The California power supply may be stretched to its limits this summer.
It all started with the indefinite loss of the 2,250-MW San Onofre nuclear plant nearly 18 months ago. The plant went and remains offline because of premature wear on reactor steam tubes at both units. The loss of such a large asset to a state-wide or regional power system is the kind of worst-case scenario that grid operators plan for on a short-term basis.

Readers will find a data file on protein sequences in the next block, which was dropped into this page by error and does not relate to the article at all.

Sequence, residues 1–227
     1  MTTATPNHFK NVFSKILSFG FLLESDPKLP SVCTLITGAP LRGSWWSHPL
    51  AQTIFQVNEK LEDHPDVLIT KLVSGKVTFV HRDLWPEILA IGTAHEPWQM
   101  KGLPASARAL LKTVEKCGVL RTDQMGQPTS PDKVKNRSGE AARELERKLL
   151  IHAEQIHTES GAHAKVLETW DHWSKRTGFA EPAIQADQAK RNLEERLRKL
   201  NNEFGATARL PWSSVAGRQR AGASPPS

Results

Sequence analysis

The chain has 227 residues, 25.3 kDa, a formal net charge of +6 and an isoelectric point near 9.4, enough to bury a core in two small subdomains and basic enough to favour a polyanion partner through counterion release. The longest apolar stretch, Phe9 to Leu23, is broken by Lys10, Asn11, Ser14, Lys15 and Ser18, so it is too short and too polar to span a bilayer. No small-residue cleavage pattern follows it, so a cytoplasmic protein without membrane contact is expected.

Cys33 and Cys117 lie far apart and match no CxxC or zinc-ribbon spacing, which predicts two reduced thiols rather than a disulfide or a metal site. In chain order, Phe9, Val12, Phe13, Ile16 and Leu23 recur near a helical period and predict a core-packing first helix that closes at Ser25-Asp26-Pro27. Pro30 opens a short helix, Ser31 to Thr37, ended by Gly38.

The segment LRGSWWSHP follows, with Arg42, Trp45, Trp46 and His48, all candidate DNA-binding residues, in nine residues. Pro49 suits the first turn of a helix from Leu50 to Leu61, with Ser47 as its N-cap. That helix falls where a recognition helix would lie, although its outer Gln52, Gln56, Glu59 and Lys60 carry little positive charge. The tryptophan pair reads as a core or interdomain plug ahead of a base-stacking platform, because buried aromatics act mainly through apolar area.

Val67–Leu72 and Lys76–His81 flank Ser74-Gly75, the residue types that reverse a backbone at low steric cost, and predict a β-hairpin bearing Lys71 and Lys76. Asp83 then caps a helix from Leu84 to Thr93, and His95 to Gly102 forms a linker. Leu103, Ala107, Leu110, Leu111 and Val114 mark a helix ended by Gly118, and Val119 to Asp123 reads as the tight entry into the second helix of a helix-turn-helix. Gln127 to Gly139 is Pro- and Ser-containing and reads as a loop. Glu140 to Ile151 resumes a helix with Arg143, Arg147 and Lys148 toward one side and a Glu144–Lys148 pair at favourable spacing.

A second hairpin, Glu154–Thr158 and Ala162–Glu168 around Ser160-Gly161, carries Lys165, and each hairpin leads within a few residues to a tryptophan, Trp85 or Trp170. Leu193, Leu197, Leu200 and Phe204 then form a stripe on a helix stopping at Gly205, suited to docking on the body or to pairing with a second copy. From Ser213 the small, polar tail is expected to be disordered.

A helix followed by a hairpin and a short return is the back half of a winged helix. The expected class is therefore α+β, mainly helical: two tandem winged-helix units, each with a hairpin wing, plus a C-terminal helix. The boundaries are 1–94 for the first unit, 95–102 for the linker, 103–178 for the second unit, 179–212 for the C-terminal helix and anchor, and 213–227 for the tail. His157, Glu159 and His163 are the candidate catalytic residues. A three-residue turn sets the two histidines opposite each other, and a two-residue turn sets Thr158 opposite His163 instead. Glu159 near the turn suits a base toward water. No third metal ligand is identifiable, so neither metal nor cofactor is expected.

On top of that, it’s barely snowed in the mountains whose spring runoff supplies much of the “fuel” for the state’s hydropower. In the 2013 summer assessment released Monday by the California independent system operator, Cal-ISO, the report said that “snowpack water content on May 2, was 17% of average statewide for that date, 16% for northern portions, 23% for central California and 9% for the southern region.” As a result of that, the ISO projection assumes a 1,022-MW “derating” on the hydro resources in the ISO system. And the report also noted that, not surprisingly, the drop could be bigger if the summer is hotter and dryer than normal.